"Put that there," he said to the assistant, motioning to the small table across from his desk in his office, which was next door to the courtroom. He looked out the window where he could see the defense attorney opening the door to her trailer office/home, the military policeman going before her to inspect it while she waited.
The assistant complied, and the prosecutor motioned him out of the room. He glanced at his watch and then riffled through the folders until he found Motion 92, which he then pulled out.
Getting a bottle of water from the minirefrigerator beside the table, he sat down on the threadbare, spartan loveseat and read it.
It took less time to read it the second time than it had the first. Motion 92 was economical in its use of wording, and similarly thrifty in the references to supporting arguments it made, not only because of the short length of time between when the defense attorney had been able to read the three papers that had prompted it, but also because of the lack of precedential cases upon which a motion like Motion 92 could be based.
The prosecutor read it a second time,and then laid Motion 92 down on the couch next to him for a second and took a sip of water.
"Well, shit," he said.
He got up and buzzed the secretary and told her to send in the assistant prosecutor.
In moments the assistant was there.
"Well, shit," the prosecutor said again, and waved Motion 92 in the air for him.
"We need to respond to this," the prosecutor told him, "And we need to do it quickly. I want something on paper by tomorrow morning."
He thought for a second, and then changed his mind. "By tonight. You get me a response by tonight, and I'll mark it up so that we can file it first thing tomorrow morning."
The assistant did not reach for Motion 92, not sure if he had the proper clearance levels. The prosecutor looked at it again, read the first page or two of the motion, and then put it back in the folder.
"Here's what it says," the prosecutor said, sitting back down on the couch, but before he began speaking, he got up and looked out the windows, then closed the blinds so that nobody could see in. He then walked to the doors, one on each end of the office. He opened the one that led outside, and glanced at the military policeman standing guard out there.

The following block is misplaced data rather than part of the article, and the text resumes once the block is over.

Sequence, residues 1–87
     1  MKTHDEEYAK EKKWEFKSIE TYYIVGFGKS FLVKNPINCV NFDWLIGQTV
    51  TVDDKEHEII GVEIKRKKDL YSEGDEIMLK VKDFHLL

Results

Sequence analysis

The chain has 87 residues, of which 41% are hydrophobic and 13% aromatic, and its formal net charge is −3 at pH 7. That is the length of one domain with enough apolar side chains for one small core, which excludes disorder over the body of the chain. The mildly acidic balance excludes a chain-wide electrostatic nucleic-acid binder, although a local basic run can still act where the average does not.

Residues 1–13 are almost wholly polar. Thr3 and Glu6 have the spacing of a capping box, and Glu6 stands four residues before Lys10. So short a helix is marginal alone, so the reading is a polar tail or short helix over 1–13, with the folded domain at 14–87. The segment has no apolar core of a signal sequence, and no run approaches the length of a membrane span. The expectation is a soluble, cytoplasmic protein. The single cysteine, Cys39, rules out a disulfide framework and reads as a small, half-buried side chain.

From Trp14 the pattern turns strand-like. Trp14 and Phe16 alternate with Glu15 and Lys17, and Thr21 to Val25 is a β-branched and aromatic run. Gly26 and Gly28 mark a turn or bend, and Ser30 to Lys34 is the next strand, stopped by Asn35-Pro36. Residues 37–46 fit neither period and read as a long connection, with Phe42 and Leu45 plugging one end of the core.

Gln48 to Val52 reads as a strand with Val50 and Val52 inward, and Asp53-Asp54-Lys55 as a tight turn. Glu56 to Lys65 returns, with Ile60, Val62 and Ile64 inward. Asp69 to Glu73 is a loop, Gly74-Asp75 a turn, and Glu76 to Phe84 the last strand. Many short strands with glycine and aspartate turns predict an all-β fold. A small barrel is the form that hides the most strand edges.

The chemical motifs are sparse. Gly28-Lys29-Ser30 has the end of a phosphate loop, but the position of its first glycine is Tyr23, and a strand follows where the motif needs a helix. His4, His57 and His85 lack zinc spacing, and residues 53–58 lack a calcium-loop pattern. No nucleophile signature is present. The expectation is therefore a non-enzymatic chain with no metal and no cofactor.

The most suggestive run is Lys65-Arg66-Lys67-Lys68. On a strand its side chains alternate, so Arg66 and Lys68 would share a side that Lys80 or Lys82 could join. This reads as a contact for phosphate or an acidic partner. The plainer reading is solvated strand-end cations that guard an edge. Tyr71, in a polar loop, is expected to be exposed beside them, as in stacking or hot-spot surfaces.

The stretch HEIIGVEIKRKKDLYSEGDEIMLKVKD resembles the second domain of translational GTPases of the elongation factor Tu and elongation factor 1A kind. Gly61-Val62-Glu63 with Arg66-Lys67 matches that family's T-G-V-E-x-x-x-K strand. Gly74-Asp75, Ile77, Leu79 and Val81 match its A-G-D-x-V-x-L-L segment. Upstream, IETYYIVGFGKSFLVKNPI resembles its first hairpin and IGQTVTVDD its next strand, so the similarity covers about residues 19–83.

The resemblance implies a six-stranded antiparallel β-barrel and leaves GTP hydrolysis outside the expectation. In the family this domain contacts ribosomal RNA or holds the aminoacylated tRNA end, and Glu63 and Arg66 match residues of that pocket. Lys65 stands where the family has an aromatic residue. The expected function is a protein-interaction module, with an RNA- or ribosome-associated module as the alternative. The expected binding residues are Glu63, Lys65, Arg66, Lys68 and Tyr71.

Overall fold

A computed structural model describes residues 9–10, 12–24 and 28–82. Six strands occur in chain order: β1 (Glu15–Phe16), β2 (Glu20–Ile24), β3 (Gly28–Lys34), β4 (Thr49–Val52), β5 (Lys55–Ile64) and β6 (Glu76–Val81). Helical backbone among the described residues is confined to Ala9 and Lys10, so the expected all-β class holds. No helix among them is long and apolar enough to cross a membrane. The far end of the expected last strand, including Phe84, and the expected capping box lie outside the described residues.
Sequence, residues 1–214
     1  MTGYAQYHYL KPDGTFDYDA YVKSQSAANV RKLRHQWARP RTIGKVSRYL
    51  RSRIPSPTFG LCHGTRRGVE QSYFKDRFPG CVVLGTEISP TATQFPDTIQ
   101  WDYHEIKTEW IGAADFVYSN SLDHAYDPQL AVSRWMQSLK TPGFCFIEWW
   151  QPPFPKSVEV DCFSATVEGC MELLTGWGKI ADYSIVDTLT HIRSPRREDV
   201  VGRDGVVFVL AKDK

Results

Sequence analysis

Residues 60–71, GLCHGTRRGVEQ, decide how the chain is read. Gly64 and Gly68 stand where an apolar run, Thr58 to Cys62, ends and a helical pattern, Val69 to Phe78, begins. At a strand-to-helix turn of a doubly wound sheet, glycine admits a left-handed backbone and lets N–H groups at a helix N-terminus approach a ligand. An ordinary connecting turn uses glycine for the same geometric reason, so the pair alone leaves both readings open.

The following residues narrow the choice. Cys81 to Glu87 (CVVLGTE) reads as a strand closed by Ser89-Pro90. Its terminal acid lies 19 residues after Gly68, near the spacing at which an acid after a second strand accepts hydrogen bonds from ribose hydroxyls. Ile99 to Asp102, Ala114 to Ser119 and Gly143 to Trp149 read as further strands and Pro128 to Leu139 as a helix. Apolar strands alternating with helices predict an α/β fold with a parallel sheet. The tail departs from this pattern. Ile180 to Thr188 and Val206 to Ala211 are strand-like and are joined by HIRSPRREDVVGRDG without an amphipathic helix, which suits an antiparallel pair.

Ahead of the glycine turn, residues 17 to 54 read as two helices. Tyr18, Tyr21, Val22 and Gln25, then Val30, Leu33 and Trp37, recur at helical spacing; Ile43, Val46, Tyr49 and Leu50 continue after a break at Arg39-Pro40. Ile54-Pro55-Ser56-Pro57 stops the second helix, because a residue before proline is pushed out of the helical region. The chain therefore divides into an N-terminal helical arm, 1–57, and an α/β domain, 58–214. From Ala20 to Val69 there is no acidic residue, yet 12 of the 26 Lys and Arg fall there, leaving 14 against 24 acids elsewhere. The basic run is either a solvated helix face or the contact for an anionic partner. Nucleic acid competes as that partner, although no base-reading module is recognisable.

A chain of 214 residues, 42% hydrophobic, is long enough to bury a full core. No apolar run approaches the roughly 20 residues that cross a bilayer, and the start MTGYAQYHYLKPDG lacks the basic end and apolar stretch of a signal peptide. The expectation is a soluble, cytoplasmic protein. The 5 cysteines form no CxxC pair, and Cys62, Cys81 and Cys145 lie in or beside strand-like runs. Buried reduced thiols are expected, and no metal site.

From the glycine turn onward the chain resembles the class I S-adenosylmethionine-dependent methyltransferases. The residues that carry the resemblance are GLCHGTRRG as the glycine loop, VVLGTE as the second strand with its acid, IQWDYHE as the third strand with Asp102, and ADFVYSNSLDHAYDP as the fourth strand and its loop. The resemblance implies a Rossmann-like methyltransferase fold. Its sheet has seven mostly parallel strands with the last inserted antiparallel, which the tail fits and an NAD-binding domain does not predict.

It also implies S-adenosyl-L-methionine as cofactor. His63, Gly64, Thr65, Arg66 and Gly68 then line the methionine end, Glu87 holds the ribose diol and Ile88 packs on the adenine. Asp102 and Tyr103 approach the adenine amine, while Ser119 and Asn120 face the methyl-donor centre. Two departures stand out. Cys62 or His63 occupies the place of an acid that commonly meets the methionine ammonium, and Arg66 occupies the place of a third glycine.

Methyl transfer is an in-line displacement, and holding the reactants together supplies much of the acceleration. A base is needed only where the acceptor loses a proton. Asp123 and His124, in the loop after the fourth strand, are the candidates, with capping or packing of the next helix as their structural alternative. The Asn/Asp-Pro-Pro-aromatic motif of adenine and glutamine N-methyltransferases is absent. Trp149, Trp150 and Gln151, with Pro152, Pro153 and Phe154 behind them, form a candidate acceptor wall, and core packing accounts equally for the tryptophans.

"Five feet," he told the man.
The guard nodded and walked forward the requisite number of feet. At the other end of the office, the one that led into the staff pool, he saw that nobody was in the room.
He closed the door, and turned back to the assistant, detailing quickly and efficiently what was in Motion 92. In less than 2 minutes, he had outlined the basic idea of Motion 92 and what he wanted to do in response to it, at least in court and at least for now. He then told the assistant to get what he could by 1900 hours and ushered him out the door. He watched until the assistant sat at his desk and had opened up the secure laptop prosecutors carried back and forth with them from the mainland to here.
"Turn that away from the window," he reminded the assistant, who complied, his back now to the inner wall and his eyes on the laptop screen.
The prosecutor closed the door and went back to his desk. He picked up the secure line and told the security detail that tomorrow the defendant's presence would not be necessary in court, and that there would be no hearing. Then he hung up, and picked up again, dialed a different number.
This number caused the line not to hook up to another phone there on the corner of the island, but to instead link into a cable that went underneath billions of gallons of ocean water, a cable that had been buried in the rock of the island, which had been dug up and carved out and laid open enough to put the cable down inside the crust of the earth itself, and which had then had concrete poured over it, new rock replacing natural rock, hardening until there was an as-near-impenetrable barrier between the sky and the sun and the less-than-2000 people who lived here, only a few of whom had anywhere near the necessary amount of freedom of movement to even approach the cable, and fewer of whom knew the cable was there.
From the rock, both manmade and God-made, that the cable began its journey in, the cable went directly underwater, beginning with the wave-tossed deep edge of the ocean that abutted directly onto the island, and moving downward quickly to lie on the ocean floor, from a depth of only forty feet near the rocky cliff where it left the island to joint the sea to a depth of nearly a mile, until the cable reached the mainland, where it traveled through a small bay underwater until it rose up near a dock on a military base, to leave the sea and begin again to live in the air and land. From there it ran into a large box that was entered and left by dozens of identical cables, not all of which had any real purpose: some of them were extras in case they were one day needed, and some of them were decoys, in case someone were to get into the box and decide to try to interrupt the cables' job, which was to convey information from one place to another without interruption.